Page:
And who cares who invented "zero", what matters is what you put infront of "zero". You can't earn $0/hr, can you?

Anonymous said...

I am sorry, but I didn't go through all the comments.. just Sayesha's answer to my comment and this is what I have got to say -

He might (<-- please note the word very very carefully) have been a factor in freedom. But why do people make all the fuss about this guy? I mean wasting good real estate in rajghat (i don't know and couldn't care less what ghat it is), putting him on currency and idolizing his principles. As you rightly pointed out there were many more people and many more principle and it is because of this guy that others don't get credit (which is long over due).

As for the kid's opinion... I think it is important that your family loves you. Yup, if Pol Pot's kids say they love him I will respect him more than Gandhi. In my opinion it is important that you be a good father to your biological kids before you adopt a nation. (<-- This sentence was said in the most sarcastic tone imaginable)

I am not saying one should/can be flawless. Having said that, I hate hypocrites and Gandhi is on the top of the list. Heck! I am not even sorry I said that.

And what do you have to say about his "role" in partition?


Anonymous said...

After writing the above comment I decided to write one more, may be because it is Friday late night and I don't have anything else to do or may be it is the alcohol talking. Kidding about the latter.

Dear Mr. Anonymous,
Please do not talk about written English. Not to me. I work with an American consultancy. The way Americans butcher Queen's English on daily basis with your FYI, WTH and globali'z'ation. And please do not claim to be "original". English was a language loaned to you, I don't think the natives spoke English with 'z' instead of 's'. And since you are such a super genius at history, a quick questions why were the natives called Indian and not American? You had to borrow the name from us, didn't you?

Ah forget it! I have too many American friends within company and outside who are not an ass like you. So, unlike you, I will not generali'z'e. But I do know a lot of "Anonymous" and thus I ask, why are you such a big pansy? (Pansy as per UK English means 'a timid man or boy considered childish or unassertive.' Not the American slang abuse.) Ok genius can you tell how much is 5 ? Yup, zero was a necessity. Otherwise how would your Maths teach grade you? I am going to donate Rs. 3.. towards a free clinic which will operate on all you Anonymous to get your foot out of your mouth.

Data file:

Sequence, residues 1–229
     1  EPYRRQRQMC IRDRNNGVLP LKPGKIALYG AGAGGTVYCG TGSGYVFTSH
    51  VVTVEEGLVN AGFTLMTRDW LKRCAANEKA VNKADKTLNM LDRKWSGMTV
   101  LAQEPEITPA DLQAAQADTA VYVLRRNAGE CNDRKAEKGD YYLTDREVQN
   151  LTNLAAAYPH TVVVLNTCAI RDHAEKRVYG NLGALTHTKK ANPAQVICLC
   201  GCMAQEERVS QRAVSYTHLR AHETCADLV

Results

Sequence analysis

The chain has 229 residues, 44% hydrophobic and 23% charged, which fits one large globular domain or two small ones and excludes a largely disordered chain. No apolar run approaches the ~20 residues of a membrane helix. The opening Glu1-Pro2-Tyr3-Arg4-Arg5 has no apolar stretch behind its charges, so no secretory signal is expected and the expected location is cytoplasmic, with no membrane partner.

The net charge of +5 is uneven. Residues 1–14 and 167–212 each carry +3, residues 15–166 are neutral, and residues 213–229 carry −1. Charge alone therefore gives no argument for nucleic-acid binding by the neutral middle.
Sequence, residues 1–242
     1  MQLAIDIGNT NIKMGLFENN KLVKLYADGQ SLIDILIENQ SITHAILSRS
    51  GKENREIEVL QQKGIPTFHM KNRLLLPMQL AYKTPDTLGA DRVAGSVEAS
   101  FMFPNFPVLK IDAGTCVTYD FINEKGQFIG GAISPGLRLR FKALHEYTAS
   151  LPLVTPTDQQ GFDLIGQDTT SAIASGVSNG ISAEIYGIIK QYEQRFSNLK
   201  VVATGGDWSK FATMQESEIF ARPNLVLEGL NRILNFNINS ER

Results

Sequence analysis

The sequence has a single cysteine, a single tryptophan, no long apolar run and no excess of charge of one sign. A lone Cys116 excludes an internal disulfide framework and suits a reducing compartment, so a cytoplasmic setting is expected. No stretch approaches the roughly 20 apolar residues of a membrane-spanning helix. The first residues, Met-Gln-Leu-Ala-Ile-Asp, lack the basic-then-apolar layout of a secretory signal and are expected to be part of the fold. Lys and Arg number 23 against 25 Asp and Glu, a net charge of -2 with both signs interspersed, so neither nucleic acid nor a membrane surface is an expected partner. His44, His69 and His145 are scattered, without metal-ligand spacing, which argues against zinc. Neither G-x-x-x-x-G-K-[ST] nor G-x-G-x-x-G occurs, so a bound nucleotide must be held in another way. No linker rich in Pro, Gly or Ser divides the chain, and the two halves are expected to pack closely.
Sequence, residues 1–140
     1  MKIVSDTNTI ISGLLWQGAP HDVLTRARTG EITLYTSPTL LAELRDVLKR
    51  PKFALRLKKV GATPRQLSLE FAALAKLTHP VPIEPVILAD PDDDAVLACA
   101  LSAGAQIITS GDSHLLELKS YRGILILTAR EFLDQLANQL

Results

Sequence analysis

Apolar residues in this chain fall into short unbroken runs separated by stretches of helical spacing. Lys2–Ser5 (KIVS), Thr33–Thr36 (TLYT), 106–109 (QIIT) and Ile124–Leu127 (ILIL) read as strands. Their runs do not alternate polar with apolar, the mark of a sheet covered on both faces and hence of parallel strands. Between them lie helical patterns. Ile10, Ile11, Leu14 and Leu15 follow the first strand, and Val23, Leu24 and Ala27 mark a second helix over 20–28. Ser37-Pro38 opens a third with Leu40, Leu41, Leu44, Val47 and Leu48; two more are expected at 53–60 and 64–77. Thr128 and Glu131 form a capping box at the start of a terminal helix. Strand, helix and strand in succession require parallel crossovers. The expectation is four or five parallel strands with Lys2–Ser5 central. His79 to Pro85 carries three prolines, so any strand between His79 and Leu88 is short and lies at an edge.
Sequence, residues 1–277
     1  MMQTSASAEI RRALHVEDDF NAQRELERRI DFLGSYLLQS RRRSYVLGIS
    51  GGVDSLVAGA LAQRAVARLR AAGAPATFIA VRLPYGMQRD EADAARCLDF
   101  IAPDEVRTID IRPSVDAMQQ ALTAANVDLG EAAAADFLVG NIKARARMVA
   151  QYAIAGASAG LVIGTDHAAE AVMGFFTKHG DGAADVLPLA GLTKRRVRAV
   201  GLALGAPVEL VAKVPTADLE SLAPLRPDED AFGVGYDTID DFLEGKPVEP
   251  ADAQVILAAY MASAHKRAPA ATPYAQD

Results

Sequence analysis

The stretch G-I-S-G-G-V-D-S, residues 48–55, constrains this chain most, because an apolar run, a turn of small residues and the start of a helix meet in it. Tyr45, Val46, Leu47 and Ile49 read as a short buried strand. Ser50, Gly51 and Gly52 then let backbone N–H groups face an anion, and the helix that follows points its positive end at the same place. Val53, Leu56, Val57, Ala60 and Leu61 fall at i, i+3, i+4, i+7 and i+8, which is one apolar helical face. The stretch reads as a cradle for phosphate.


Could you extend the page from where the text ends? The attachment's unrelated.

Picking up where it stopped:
Anonymous said...

Pradyot. Yea, you are a real winner sitting at home alone on a friday night posting comments. Way to go!

If you don't like the way we write or talk then simply stop imitating our culture, go back to your country and stop stealing our jobs.

I did't want to say anything and let it go, but you made me say it.

Sudeep said...

haan yaad hain na.. sorry bolke phirse pehla gaal aage kiya tha :P

Shreyansh said...

If you haven't read it already you might be interested...

mysorean said...

Amazing post! True to the last word! Lage Raho munnabhai did put me on the thinking mode, I must admit!

Bhaarat said...

What u said is perfectly fine. In fact there is no point in reinventing the wheel. If we are assured of someone's wisdom then it would make better to adapt and fast track ourselves in making our principles.

GuNs said...

I've had a debate with many friends about Gandhi. Most of my friends seem to think that he gave Pakistan money and so he was responsible for all the hatred. I say that if it wasn't for Gandhi, we would be polishing shoes of some western imperialist.

Even if no one agrees to that, one has no option but to agree that in the history of our country, there hasnt been any man who singlehandedly gathered so many people under one motto and one aim. Nobody could influence so many people and make them tread the path to achieve one large and common goal. No one has been able to inspire so many people to be ready to die for a cause. If there ever was a man who was a better people's man than MK. Gandhi, we don't know of him.

I do keep visiting your blog every now and then and I absolutely love the fact that you are so regular with the updates.

Keep up the good work.


Shekhar said...

Sayeshaji..hamne aapke is post ka link hamaare aajke post mein kiya hai. Isse pehle bhi hamaare blog pe aapke karaamati blog ka naam bade aadar purvak liya gaya hai.. Kripa karke hamaare blog par aaye aur hamaare blog ki shobha badhaaye. Namaste. :D